Facing death: Dying is a happier process than you think, scientists say

Facing death: Dying is a happier process than you think, scientists say
Facing death: Dying is a happier process than you think, scientists say
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Most of us believe that death is a depressing process. However, a 2017 study reported by the Independent magazine showed that people nearing the end of their lives are surprisingly happy.

Research published in the journal Psychological Science compared how people imagine they will feel when they die with how people who are actually dying feel. He did this by looking at blog posts from people who were terminally ill or on death row.

The study found that people who imagined their own death tended to think it would be negative, worrying. But people who were actually dying tended to be more positive than expected.

Our results suggest that death is more positive than people expect: Encountering death may not be as grim as it seems.

“When we imagine our emotions during approaching death, we think mainly of sadness and horror,” says psychologist Kurt Gray of the University of North Carolina at Chapel Hill. “However, it turns out that dying is not nearly as sad and scary as you think. The last blog posts of terminally ill patients and the last words of inmates on death row are full of love, social connections and meaning.”

Better than imagination

The first part of the study looked at blog posts from people who were suffering from terminal illness – either cancer or amyotrophic lateral sclerosis (ALS). She also took blog posts of people who were supposed to imagine they were dying and wrote a blog post when they only had a few months left to live.

The researchers then used a computer program to examine these responses and look for the number of words that described negative or positive emotions. And they found that people who were actually dying had a lot more good emotions and a lot less bad ones. It also found that among people who were actually dying, the number of positive words actually increased as death approached.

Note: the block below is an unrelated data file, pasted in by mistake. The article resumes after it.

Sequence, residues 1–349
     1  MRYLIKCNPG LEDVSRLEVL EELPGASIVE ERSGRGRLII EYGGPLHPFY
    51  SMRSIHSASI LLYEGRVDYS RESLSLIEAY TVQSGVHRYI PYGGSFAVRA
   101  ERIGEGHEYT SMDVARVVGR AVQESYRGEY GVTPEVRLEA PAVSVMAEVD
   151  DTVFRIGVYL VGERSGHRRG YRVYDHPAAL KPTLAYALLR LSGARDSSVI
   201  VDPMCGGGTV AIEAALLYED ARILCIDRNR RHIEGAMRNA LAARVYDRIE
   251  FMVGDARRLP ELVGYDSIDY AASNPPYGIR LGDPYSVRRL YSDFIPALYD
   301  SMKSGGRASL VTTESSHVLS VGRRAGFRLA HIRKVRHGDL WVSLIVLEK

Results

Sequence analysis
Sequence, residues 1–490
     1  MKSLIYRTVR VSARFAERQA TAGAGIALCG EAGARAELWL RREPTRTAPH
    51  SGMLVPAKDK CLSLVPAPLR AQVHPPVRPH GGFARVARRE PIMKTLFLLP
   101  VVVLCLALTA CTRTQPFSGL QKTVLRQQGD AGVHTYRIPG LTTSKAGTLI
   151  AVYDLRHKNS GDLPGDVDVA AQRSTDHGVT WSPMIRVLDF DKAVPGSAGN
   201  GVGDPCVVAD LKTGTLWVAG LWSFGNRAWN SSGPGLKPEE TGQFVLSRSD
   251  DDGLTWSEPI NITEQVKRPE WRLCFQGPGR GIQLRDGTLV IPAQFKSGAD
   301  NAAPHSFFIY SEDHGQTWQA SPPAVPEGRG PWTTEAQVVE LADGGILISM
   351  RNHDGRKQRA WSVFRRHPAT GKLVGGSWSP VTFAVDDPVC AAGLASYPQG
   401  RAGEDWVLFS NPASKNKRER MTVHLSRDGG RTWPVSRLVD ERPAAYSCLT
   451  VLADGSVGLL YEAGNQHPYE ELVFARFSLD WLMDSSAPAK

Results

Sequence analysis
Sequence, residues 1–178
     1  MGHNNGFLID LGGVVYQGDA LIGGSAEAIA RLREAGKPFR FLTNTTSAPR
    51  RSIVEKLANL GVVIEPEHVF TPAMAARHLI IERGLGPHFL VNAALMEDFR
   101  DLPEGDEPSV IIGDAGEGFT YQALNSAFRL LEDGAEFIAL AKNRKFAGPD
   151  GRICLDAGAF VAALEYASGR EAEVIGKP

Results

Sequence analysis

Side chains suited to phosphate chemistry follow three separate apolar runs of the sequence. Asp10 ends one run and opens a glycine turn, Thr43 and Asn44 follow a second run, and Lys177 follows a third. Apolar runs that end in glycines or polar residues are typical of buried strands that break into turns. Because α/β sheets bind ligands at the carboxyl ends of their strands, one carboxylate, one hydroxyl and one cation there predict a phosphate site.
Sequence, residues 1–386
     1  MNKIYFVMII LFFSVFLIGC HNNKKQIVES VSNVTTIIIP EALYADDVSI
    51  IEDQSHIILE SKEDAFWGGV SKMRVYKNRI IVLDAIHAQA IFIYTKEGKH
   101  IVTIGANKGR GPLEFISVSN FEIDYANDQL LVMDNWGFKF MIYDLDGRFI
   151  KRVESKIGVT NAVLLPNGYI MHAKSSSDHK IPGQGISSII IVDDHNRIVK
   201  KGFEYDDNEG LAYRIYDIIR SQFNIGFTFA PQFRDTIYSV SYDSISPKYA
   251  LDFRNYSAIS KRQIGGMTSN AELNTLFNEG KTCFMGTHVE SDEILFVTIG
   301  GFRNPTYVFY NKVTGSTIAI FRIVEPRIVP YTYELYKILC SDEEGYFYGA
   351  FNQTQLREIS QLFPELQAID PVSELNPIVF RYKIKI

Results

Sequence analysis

A second study used a similar methodology, but examined letters written by people who were waiting to die and compared them to people who had to imagine themselves in that situation. Again, it was found that the tone of letters from people who were actually going to die was more positive.

The researchers say the results challenge traditional thinking about how we die and how we think about it. “Currently, the medical system is focused on avoiding death. This attitude is often motivated by the belief that death is terrible and tragic,” the researchers write in their article. “This focus is understandable given our cultural narratives. However, our results suggest that death is more positive than people expect: Encountering a mortal may not be as bleak as it seems.’

photo: Shutterstock, source: Independent.co.uk


The article is in Czech

Tags: Facing death Dying happier process scientists

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